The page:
Tuesday, September 6, 2016

The Value of the Magical

Our breakfast discussion this morning was about the movie "Stardust" starring Claire Danes. It's a well done fantasy/fairytale. Richard asked me if there is an English myth about a wall separating the worlds, and I said that I wasn't aware of one but that perhaps it was a cinematic accomodation of the idea of a transition between this world and the fairy world. I'm not sure that the gateway to the realm of the fairies has a physical representation in popular myths; usually one falls asleep, or wanders into some unknown part of the woods and finds oneself in the Other realm. Perhaps a "fairy circle" shows where the worlds came together at some previous point in time. Richard wondered why I called it the fairy realm, because Stormhold, the world beyond the wall in "Stardust", wasn't a very nice place, and I pointed out that myths often show the fairy realm as dark and populated by beings who are in conflict with each other, as they are in the land of Stormhold.

Richard said that the Stardust writers avoided the pitfall of trying to make the story logical, and this made me think about how important it is to respect the quality of "the magical realm" when writing fantasy. He compared the Stormhold/fairy realm to the philosophical concept of the noumenal reality that is not available through sense perception. For Kant the noumenal is uncovered through reason, but there is another meaning for the term "noumenal," which is the Jungian "Nous," a reference to the gnostic word for Mind, which has a profound meaning for Jung, more akin to soul than to intellect. The Jungian noumenal realm is the source of myth-creation, which is what creates the real. It is the core of the creative impulse.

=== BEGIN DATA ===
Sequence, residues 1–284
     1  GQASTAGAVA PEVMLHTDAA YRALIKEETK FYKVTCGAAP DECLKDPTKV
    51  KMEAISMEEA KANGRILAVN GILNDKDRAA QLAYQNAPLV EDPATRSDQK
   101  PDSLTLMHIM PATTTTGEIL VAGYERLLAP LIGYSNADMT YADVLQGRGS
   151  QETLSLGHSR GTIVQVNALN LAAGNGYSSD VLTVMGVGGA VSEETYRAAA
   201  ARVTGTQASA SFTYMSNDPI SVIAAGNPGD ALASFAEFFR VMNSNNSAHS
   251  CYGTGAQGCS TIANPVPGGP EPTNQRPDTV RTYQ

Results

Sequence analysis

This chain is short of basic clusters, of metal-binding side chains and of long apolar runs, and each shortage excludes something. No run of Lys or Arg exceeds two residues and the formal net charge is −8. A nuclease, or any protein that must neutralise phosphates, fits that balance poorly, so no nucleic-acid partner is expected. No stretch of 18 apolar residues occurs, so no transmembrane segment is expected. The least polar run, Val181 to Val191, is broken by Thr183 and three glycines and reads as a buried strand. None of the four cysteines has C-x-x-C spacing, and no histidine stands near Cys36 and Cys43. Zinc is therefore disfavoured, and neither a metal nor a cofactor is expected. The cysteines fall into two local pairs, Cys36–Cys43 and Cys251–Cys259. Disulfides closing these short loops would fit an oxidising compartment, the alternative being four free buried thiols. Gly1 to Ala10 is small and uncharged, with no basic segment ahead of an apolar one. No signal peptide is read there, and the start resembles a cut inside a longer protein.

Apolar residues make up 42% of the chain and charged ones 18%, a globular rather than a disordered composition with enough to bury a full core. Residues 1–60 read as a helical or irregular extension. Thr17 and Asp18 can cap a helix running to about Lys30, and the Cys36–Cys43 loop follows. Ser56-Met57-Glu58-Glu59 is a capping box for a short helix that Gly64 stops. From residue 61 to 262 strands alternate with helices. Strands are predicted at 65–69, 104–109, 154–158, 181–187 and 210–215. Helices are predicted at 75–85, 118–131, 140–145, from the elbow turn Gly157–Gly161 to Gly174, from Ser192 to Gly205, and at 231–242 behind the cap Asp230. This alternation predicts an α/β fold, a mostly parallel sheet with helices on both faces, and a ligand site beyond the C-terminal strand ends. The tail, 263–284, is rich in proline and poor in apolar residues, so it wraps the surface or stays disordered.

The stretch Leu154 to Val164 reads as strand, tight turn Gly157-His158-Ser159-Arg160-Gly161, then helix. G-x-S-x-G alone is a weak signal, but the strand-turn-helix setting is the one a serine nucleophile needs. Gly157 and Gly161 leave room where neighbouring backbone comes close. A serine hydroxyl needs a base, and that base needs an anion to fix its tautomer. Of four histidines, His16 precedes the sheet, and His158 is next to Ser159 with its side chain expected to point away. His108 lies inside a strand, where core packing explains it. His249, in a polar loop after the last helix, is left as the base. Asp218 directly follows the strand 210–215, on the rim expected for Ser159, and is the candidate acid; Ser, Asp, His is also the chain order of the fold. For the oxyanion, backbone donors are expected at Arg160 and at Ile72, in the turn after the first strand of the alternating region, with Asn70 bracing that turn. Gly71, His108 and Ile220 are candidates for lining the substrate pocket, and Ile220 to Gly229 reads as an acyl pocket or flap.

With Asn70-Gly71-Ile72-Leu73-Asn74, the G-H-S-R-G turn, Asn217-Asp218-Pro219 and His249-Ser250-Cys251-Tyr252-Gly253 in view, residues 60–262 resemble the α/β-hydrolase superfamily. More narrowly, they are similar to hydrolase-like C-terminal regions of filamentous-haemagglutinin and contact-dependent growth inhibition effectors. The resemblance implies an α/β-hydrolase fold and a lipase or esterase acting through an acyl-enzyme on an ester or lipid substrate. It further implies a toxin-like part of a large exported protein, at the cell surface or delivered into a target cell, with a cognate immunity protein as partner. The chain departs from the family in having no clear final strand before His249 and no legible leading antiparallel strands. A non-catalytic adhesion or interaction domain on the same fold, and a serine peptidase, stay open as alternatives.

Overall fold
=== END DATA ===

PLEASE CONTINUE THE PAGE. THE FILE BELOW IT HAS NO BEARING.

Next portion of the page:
So often writers misunderstand the significance of fantasy, and misguidedly try to make it accessible by explaining it within common psychological concepts and popular social-emotional culture. This is the horror of Disney-fied children's entertainment, which is indoctrination into reducing the realm of the fairies (the Jungian noumenal) to a psychologized statement about pedestrian desires. Our inner landscapes of aspiration are something apart, and they don't surrender their secrets to simplistic forms of explanation.

This thought about the significance of fantasy made me reflect on the magic of language in our lives, particularly our early lives as children, when the power of language to create the world is self-evident.

 --aside: I'm reading St. Aubyn's "Mother's Milk" and in that book he writes beautifully, creatively, and perceptively about Patrick's young children as they acquire language and knowledge of the world. --

Just as writers are misguided about reductive approaches to our deepest aspirations, curriculum writers are misguided when they rigorously apply phonetic language acquisition concepts to children's literature. I used to work for a non-profit education company that prided itself on its comprehensive "content-rich" curriculum, but they missed the boat about inspiring children to read by ruling out introducing unusual evocative words out of order in the schema. I think they would say something like "That would be difficult and confusing for the child, and inconsistent with the goal of achieving steady reading mastery." But education is also about contacting that part of ourselves that is never satisfied but always hungry for the realm of the noumenal -- the realm that speaks to our deepest aspirations. I remember a special friend of mine, a very literate and creative young woman, who talked about the power of words in the books she read as a child. Many children's authors do get this, and they deliberately introduce a select few long or unusual words into their books, and children feel a thrill in being exposed to such potent language, as it opens gateways that beckon to what lies beyond.